The air void under the PV installation

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The air void under the PV installation

Post by Thomas_GP » Sun Feb 11, 2024 10:20 pm -1100

Dear WUFI Users,

I am wondering how the case of a photovoltaic installation on a sloping roof (10 degrees of pitch) with a 4 cm air void under the installation should be properly simulated?

I have seen articles about flat roof and rack PV installation (model using correction coefficients of 0.3 and 0.5), one seems to me that my case is different. The installation completely covers the roof surface, there is a 4 cm air void between the wind proofing layer and the PV installation.

I made a detail model including the void and the photovoltaic panel. I made the panel as a 1 mm surface (vapour retarder) with changed parameters so that the thermal conductivity properties and other corresponded to the real PV panel.

However, the question arose what type of void should be used: "Luftschicht 40 mm" or "Luftschicht 40 mm; ohne zasätzl. Feuchtespeicherung"? I made calculations for both voids, but the results contradict the description of the phenomenon of moisture accumulation in the material.
According to the database, the void "Luftschicht 40 mm" generates a non-ralistically high water content in the material, so it is recommended to use "Luftschicht 40 mm; ohne zasätzl. Feuchtespeicherung."

The another question, what air exchange should I use in the air void? From my calculations I came up with 7/h, is this a realistic value?

The outdoor air climate was selected from the WUFI database and assigned to the exterior surface of the PV panel. The inner climate as normal moisture load according to the external climate and the sides of the detail as adiabatic.

With this setting, the relative humidity in the void "Luftschicht 40 mm; ohne zasätzl. Feuchtespeicherung" is almost all the time 100%, while with the void "Luftschicht 40 mm" it varies from 18% (summer) to 89% (winter). The variant with a void "Luftschicht 40 mm" seems more real, but I find the moisture behaviour contradictory to the description seen in the WUFI database.
WUFI2D_Luftschicht.PNG (100.96 KiB) Viewed 93 times
I will be grateful with explanation of this phenomenon and advice on how best to simulate such a case.

kind regards

WUFI SupportTeam IBP
WUFI SupportTeam IBP
Posts: 9
Joined: Tue Feb 18, 2014 4:57 am -1100

Re: The air void under the PV installation

Post by Philipp » Mon Feb 12, 2024 9:24 pm -1100

Hi Thomas,

I guess you like to simulate the roof construction underneath instead the explicit PV installation.
At the moment we are running some field tests to evaluate the behavior of sloped roof constructions with PV-installation. But up to now the trails still running, so we can give you only little information.
Due to the fact, that there are many unknown parameters, the explicit simulation of such constructions under consideration of all layers are always a little bit difficult – and a validation by measurements is necessary. Instead, I would recommend simplified models with effective surface transfer coefficients.

So here is a few information how I would simulate this construction – some insights from the current field tests mixed up with existing parameters.

At first, please see our guideline for the hygrothermal simulation of ventilated pitched roof constructions: ... ched_roofs
This is basically the procedure for the simulation of pitched roofs – if you do not have a second ventilated air layer in below your watertight felt or metal, this might be able to catch the situation already quite well.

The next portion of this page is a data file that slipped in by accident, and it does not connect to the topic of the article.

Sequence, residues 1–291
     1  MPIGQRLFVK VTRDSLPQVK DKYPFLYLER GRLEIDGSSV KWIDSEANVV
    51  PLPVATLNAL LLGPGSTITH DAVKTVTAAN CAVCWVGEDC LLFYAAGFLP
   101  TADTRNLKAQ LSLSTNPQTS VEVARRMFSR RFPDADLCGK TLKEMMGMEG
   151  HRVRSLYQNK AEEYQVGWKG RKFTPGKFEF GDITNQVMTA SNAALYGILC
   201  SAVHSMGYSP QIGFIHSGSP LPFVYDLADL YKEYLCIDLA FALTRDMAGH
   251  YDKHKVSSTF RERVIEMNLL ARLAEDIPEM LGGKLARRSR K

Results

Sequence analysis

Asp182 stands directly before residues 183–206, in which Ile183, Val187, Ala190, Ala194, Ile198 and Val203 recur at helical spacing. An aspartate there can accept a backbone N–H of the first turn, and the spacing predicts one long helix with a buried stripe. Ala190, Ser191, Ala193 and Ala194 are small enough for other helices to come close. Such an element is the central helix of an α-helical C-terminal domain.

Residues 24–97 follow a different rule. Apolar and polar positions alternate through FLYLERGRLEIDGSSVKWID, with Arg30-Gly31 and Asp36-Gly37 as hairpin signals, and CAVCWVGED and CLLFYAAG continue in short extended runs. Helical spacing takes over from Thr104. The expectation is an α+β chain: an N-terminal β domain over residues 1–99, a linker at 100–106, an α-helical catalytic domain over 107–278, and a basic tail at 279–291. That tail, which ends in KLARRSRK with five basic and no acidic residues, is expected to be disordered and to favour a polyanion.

As you already mentioned there are some existing reduction factors to adapt the radiation parameters for the simulation of flat roofs with PV-rack installations. These are the coefficients out of the “WTA-Merkblatt 6-8”. For the shortwave absorption the factor is 0.3 and for the longwave emission the factor is 0.5.
Combining the information of the guideline with these factors will generate a first approach of effective transfer parameters to simulate your roof construction with the PV-installation. However, as far we could see up to now, the results may far on the safe side. This is caused by the longwave emission which is still too high for the plane-parallel installation of the PV-modules on top of the roof surface. An additional reduction of the emission e.g., by a factor of 0.2 brings the hygrothermal behavior in a range we have observed during our field tests.
As soon as we have more reliable information, we will publish it.

If you decide to proceed with the explicit layers, there are a few more things to consider.
At first the air exchange between the tiles and the sub-roof, here the ACH is in a range between 50 to 150 1/h, depending on the construction. These values where measured during filed tests on different sloped roof constructions. (But I still recommend using the effective transfer parameters instead of an ACH!)
The next thing is the air exchange between the PV-installation and the tiles. I assume that the value of 7 1/h is far to low. Due to the free air gaps on eaves, ridge and both sides I guess the values are higher then underneath the tiles.
A further point is the energy which is discharged by the PV-Modules. These are around 20% which are not available for heating up the construction. This factor isn´t easy to consider because it´s a radiation dependent parameter, so a constant heat sink won´t give you correct values.

Coming to the air layers:
The problem is that probably condensation occur in the gap between the tiles and the PV-modules. The air layer without an additional moisture storage function isn´t able to store this water. This leads to saturation of the air layer and therefore this might lead to convergence problems. Here I would recommend proceeding as described here:

Hope this helps you solving your simulation.

Kind Regards

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